The Alliance House: Albright’s Answers on Compassion

I am releasing my fourth book titled, “The Alliance House of Values and Behaviors in late January. In it, I outline what each of The Alliance’s eight core values means and how they pertain to what our company does together and for our clients all over the United States. Previously,...

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I am releasing my fourth book titled, “The Alliance House of Values and Behaviors in late January. In it, I outline what each of The Alliance’s eight core values means and how they pertain to what our company does together and for our clients all over the United States. Previously, I’ve covered Excellence, Service, Integrity, Accountability and Respect. This week, I’m going to write about Compassion.

For each of our eight values, I’m picking a person in history that I believe best represents each value that The Alliance believes in strongly.

The following is from my new book I co-wrote with Jeff Bright:

The Merriam-Webster dictionary defines Compassion as a sympathetic consciousness of others’ distress together with a desire to alleviate it.

If you are under the age of 40, there’s a good chance you don’t know who Fred Rogers was. For millions of adults in the United States, he was the model example of what is means to be compassionate as a human being. He believed that every person was important to the world and that they deserved to be loved for being exactly who they are.

A new generation of people were introduced to Fred Rogers in the 2018 documentary, “Won’t You Be My Neighbor?” Additionally, Tom Hanks stars as Fred Rogers in a movie about the man many of us grew up calling Mr. Rogers. His show, “Mr. Rogers Neighborhood” started at a local affiliate television station in Pittsburgh and grew into a national hit on the PBS channel.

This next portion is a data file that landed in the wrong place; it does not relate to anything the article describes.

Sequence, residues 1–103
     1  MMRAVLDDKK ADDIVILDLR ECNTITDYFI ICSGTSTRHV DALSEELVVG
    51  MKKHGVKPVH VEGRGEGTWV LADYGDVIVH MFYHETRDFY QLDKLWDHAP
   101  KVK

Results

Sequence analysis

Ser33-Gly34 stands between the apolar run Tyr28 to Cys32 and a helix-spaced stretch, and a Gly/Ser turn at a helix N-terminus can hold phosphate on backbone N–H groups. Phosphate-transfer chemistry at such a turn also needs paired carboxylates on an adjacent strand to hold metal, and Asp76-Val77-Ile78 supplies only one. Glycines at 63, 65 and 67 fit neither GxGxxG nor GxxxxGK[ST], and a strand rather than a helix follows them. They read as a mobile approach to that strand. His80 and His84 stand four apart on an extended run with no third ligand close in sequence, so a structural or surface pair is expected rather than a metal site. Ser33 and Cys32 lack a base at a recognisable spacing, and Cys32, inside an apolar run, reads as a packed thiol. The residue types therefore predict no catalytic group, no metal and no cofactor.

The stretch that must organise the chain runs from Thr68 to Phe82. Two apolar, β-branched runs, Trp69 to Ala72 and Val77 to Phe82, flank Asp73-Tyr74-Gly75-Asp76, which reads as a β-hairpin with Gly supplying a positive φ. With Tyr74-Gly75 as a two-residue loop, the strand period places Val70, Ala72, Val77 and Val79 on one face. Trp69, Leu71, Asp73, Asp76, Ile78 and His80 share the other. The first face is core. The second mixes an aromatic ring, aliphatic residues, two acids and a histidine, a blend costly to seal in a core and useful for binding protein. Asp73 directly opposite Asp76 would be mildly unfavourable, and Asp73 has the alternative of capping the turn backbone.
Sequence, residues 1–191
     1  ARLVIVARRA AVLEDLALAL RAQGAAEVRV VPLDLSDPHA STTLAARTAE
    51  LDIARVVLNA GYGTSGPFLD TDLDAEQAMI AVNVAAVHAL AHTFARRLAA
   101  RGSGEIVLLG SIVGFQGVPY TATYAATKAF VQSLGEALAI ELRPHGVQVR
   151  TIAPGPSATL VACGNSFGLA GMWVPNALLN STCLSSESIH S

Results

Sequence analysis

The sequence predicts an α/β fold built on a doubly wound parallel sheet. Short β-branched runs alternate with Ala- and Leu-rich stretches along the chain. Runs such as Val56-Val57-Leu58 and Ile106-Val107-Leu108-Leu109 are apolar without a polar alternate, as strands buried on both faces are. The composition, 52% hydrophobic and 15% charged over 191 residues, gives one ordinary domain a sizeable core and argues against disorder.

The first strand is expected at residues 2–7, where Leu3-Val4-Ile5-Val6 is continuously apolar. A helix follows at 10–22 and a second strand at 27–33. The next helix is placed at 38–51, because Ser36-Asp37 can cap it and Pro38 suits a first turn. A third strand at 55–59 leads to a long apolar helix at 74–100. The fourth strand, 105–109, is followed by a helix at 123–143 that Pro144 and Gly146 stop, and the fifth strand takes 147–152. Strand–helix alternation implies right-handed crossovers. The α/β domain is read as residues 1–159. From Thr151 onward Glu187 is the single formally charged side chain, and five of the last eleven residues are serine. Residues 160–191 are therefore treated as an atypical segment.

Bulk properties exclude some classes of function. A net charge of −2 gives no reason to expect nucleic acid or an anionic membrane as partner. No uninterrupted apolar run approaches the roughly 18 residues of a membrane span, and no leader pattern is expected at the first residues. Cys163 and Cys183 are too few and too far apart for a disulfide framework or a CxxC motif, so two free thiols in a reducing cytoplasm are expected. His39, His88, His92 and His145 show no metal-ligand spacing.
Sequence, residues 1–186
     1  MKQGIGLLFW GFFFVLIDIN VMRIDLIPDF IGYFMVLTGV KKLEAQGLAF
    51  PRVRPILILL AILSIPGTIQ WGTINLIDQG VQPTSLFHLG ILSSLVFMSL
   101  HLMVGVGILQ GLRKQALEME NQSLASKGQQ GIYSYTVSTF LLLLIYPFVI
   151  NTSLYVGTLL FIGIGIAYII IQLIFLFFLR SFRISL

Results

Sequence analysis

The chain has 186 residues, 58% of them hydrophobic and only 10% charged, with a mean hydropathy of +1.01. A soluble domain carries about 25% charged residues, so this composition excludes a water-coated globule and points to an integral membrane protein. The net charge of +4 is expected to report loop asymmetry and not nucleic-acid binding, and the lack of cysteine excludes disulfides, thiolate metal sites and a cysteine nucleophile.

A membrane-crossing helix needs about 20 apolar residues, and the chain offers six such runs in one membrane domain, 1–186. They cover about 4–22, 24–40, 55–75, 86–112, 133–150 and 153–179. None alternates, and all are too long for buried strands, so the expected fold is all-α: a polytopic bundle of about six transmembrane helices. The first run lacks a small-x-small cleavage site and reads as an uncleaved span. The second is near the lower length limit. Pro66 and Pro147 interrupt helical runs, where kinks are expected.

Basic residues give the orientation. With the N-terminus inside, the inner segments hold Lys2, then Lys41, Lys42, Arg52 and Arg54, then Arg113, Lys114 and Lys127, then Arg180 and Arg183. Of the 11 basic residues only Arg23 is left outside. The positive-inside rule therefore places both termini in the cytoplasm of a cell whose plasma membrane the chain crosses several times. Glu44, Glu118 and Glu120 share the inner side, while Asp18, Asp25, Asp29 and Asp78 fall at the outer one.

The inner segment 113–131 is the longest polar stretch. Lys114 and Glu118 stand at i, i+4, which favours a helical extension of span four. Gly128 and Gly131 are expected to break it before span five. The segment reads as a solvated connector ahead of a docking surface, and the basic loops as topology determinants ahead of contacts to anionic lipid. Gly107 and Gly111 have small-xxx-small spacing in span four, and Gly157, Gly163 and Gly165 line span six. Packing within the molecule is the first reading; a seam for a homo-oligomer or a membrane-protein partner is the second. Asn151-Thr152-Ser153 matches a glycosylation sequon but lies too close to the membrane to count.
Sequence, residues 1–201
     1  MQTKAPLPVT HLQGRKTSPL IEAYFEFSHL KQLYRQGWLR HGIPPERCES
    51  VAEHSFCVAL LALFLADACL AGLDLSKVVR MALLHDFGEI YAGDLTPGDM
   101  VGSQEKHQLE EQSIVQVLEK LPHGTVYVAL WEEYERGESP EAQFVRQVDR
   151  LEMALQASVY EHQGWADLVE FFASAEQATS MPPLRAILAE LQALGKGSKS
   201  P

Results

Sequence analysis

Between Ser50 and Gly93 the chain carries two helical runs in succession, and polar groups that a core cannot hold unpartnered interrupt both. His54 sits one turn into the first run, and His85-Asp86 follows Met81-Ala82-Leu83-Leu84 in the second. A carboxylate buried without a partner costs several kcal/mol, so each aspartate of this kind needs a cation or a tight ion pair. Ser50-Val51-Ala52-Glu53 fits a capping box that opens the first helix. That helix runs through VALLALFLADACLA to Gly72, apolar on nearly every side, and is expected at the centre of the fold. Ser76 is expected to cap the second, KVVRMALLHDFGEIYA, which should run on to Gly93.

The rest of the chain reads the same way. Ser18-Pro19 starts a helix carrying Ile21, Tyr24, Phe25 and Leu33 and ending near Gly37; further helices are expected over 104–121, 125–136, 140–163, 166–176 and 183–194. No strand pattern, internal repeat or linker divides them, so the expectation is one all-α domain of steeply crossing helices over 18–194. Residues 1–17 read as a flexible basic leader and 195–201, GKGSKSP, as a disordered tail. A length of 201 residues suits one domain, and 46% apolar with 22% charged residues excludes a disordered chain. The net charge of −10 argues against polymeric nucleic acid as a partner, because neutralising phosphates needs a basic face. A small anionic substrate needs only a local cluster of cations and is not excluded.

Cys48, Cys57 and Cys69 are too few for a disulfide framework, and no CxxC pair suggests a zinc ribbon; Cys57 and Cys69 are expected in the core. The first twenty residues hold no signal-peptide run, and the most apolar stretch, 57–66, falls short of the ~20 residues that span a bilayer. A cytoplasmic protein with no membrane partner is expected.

Fred Rogers introduced characters on the show that taught young people life lessons about how we should behave, interact with and, ultimately, treat people in our life. He tackled social issues at a time when it was taboo to even touch those subjects in terms of race, sexuality and social issues. Rogers was miles ahead of society when it came to being open-minded to people who were considered “different” than what was popular or normal in the 1960s, 70s and 80s.

There’s a perfectly good reason why both a movie and a documentary are being made about Fred Rogers’ life. He was a good man, who believed in being good to people because it was the right thing to do, and we are living in a time when people need to hear his message of compassion over and over again. He taught children how to treat others through his TV show, and he impacted millions of young people in a way that they never forgot. He is the definition of what it means to exercise compassion.